Though much of Dr. Mohammed Furat’s life has been defined by war, he has not let war define him. He was 15 years old when, in 2003, US forces invaded Iraq. “I remember the bombs. I remember the air strikes. I remember everything,” says Dr. Furat. “It was all very, very sad.” Yet despite coming of age amidst relentless conflict and suffering, the energetic and optimistic 33-year-old doctor has no plans to leave his beloved home country.
“I can’t leave because I’m here to help,” says Dr. Furat. “If I left, I couldn’t heal my people.”
This singular mission—to help and heal others—has driven Dr. Furat since he was young, bolstered by his father’s mission to ensure that his children excel academically, even as their homeland got ripped apart. Maintaining his studies during the initial conflict and subsequent civil war proved highly challenging. Because of checkpoint delays and a near constant risk of bombings, Dr. Furat had to navigate an hours-long daily commute to school. “But this was the most important thing to me—to finish my studies so I could help my people,” he explains. He graduated from medical school in 2012, excited to begin his career in public health.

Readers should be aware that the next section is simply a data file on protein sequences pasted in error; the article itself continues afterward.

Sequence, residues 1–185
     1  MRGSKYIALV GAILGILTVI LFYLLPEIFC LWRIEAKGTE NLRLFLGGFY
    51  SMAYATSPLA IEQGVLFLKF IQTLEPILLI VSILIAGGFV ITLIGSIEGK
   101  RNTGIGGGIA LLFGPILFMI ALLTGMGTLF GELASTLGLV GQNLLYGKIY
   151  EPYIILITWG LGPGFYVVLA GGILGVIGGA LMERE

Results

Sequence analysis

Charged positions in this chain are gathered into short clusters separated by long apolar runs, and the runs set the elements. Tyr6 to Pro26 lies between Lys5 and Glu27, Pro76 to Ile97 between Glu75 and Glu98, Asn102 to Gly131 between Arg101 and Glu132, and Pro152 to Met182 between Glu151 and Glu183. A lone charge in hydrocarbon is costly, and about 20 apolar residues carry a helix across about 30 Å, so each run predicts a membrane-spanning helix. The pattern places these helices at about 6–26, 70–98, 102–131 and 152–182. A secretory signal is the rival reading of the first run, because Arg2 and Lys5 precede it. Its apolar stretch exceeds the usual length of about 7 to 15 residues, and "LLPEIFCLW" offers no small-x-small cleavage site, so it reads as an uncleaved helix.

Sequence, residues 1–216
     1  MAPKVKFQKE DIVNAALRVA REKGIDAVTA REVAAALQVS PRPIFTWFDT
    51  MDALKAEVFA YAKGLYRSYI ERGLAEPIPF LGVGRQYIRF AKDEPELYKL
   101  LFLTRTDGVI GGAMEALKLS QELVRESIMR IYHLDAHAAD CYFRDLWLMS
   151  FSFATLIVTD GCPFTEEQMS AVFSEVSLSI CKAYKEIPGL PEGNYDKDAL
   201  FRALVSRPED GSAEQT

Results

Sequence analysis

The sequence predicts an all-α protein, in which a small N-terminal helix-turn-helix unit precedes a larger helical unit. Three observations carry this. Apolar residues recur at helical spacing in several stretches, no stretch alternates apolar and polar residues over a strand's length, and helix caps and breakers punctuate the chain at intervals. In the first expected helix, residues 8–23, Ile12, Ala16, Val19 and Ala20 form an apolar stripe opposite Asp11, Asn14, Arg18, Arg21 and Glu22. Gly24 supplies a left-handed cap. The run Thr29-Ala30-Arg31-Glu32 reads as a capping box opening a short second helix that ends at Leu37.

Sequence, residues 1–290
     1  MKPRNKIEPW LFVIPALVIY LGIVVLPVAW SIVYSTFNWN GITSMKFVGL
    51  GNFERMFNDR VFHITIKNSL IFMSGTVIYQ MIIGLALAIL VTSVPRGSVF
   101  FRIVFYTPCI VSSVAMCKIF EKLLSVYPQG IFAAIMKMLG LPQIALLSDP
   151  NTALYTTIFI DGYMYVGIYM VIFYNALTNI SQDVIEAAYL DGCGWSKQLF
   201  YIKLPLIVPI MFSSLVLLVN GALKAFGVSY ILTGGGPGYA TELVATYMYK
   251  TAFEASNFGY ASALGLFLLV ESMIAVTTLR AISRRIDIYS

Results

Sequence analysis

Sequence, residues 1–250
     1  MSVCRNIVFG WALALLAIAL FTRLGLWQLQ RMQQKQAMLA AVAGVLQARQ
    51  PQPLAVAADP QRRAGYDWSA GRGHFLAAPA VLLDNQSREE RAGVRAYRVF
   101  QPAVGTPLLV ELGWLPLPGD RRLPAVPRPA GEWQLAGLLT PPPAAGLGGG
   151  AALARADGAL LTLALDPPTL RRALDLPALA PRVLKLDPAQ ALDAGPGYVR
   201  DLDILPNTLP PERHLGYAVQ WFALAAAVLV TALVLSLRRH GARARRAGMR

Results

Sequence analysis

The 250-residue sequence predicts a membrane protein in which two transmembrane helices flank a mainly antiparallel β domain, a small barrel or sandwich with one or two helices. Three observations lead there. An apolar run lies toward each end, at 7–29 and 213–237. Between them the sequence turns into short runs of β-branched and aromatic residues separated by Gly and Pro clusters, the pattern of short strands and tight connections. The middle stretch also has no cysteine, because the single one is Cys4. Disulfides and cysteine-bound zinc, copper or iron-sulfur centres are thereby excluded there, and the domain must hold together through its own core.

In 2014, newly engaged, he returned home to Mosul—just before his mom got diagnosed with cancer and the city fell under the control of the militant group ISIS. Many, including his own family, were displaced to Kurdistan. “The situation was dire in terms of housing and food,” says Dr. Furat of the violent battle waged between ISIS and Iraqi military forces. “The families who remained in Mosul during this time were between a rock and a hard place, suffering from hunger and poverty under ISIS, as well as destruction and death from bombing during the liberation battle,” says Dr. Furat. As soon as the city was liberated from ISIS in 2017, he returned to Mosul without his family to provide help for those suffering most in the aftermath of the fighting.